Botswana and Zambia this week celebrated the opening of a multi-million Dollar infrastructural project, the Kazungula Bridge, projected to contribute around P100 million annually for Botswana. This project comes after the signing of the 2012 Agreement between the two countries to construct a bridge that would ease movement of goods.
President Mokgweetsi Masisi said the Kazungula Bridge will open avenues for improved trade, job creation and economic diversification in both countries. Further, the Bridge will significantly accelerate Southern African Development Committee (SADC) regional integration agenda which Botswana and Zambia are vigorously pursuing.
“By growing our strategic partnerships through this project, we have improved the development and competitiveness of our economies to attract more private sector investment, thereby, supporting our efforts to create employment, especially for the burgeoning youth,” Masisi said at the opening ceremony in Kazungula on Monday.
The Kazungula Bridge comprises a road and rail bridge over the Zambezi River, directly linking Botswana and Zambia. It has One-Stop-Border Post facilities on both sides, which will enhance the operational efficiency at entry points, replicated on both sides of the boarder.
The Bridge was originally conceived as a critical link in the African North-South Corridor under the African Union’s New Partnership (NEPAD) for Africa’s Development programme. It has since evolved to encompass a multimodal transport plan under the Programme for Infrastructure Development in Africa (PIDA).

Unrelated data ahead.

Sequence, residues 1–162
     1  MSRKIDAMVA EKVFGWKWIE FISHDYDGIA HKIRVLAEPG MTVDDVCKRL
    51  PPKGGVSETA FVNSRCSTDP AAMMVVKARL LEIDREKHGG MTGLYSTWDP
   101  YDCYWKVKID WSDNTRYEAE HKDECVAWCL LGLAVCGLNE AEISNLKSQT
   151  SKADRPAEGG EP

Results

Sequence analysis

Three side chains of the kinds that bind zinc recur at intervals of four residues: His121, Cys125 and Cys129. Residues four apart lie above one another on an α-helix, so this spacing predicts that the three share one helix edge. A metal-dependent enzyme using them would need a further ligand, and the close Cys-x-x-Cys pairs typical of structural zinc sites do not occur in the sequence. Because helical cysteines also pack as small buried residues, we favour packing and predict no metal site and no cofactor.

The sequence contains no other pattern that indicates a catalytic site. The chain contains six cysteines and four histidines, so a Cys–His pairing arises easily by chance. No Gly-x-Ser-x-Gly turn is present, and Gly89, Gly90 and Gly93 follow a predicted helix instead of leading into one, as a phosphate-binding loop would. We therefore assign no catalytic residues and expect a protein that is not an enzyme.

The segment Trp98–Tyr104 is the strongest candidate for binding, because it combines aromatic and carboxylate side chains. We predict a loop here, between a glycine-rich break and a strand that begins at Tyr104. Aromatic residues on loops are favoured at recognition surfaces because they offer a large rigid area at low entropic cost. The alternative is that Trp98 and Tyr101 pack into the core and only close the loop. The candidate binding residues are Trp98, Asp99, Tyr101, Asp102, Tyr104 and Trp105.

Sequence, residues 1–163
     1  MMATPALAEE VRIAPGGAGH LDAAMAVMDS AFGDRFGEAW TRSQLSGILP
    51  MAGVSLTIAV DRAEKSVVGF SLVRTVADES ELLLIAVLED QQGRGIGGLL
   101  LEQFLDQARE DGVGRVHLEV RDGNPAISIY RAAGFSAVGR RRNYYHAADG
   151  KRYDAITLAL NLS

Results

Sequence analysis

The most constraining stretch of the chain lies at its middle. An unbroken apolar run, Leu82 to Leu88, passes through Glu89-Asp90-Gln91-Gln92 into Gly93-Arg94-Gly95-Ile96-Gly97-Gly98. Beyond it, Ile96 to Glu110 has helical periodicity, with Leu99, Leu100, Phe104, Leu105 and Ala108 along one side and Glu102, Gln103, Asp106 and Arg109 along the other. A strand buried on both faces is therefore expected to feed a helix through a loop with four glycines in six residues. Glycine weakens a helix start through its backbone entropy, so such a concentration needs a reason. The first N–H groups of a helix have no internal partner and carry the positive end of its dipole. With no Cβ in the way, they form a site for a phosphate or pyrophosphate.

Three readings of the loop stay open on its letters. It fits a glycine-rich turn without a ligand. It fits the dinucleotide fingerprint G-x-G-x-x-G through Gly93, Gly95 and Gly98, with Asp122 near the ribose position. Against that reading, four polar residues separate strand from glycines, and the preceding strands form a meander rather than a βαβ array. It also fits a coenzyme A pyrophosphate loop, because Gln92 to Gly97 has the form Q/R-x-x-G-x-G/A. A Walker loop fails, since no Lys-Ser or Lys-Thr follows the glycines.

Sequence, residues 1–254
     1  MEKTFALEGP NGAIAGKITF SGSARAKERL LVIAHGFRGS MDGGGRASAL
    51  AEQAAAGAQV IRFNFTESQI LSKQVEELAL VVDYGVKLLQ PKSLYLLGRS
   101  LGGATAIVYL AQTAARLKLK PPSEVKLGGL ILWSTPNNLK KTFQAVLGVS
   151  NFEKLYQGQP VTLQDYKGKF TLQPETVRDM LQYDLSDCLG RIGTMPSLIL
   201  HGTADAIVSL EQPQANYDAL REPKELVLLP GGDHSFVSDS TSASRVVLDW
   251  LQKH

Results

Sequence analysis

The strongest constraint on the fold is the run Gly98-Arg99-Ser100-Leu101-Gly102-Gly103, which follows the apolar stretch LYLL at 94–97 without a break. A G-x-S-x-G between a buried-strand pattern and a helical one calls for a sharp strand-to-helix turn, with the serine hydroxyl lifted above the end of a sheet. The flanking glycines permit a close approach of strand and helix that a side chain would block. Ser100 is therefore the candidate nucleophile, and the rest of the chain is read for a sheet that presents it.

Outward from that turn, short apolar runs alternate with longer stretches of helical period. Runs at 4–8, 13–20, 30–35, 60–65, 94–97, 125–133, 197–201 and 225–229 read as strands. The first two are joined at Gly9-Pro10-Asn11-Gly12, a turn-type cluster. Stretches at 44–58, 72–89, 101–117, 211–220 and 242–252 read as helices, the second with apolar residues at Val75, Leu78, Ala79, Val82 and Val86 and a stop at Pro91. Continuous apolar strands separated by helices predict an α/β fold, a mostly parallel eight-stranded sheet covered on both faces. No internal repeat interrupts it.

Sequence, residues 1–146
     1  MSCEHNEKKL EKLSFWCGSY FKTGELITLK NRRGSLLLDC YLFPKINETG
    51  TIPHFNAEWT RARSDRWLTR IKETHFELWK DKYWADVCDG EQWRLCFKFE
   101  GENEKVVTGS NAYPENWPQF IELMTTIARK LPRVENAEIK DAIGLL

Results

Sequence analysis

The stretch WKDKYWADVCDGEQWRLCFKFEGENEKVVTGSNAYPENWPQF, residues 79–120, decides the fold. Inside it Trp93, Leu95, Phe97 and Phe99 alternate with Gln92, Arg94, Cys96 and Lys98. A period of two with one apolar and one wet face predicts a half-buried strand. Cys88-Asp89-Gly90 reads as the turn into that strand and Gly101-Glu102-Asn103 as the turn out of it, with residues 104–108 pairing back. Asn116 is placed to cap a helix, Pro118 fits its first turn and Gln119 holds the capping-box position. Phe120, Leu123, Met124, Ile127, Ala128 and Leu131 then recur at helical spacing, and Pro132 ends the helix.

The PIDA programme, which encompasses liberalisation of air travel, rail links, road, water and all other modes of transport has only one objective: to unite the States of Africa in order to foster trade on the continent
“Connectivity of our nations will in no small measure, promote people to people interactions and uplifts their standard of living. I am pleased to state that the completion of this project is a clear demonstration of our commitment to PIDA.”
The 260 million US Dollar Kazungula Bridge was commissioned by Zambian President, Edgar Lungu and President Masisi. President Lungu said the bridge was a monumental effort linking Zambia internally and externally to ease the movement of goods and services.
“I have held talks with my counterpart in Botswana that this project must run daily up to 22 hours as soon as possible and you the technocrats must not play ping-pong with us after making these public procurements,” Lungu said at the official opening in Kazungula.
For his part, DRC President Felix Tshisekedi said the project was tandem with the Africa Union (AU) goals and priority areas for Agenda 2063 which called for a prosperous Africa, based on inclusive growth and sustainable development.
The new Kazungula Bridge replaces the Kazungula Ferry, a pontoon ferry across the 400-metre-wide Zambezi River between Botswana and Zambia. It was one of the largest ferries in South-Central Africa, having a capacity of 70 tonnes.
In 2003 the ferry was the site of a disaster when a severely overloaded Zambian truck capsized one of the pontoons and 18 people drowned. The accident was blamed on the lack of weighbridges in Zambia to check the weight of trucks.
In August 2007, the governments of Zambia and Botswana announced a deal to construct a bridge at the site to replace the ferry. The existence of a short boundary of about 150 meters between Zambia and Botswana was apparently agreed to during various meetings involving Heads of State and officials from all four States in the 2006-2010 period.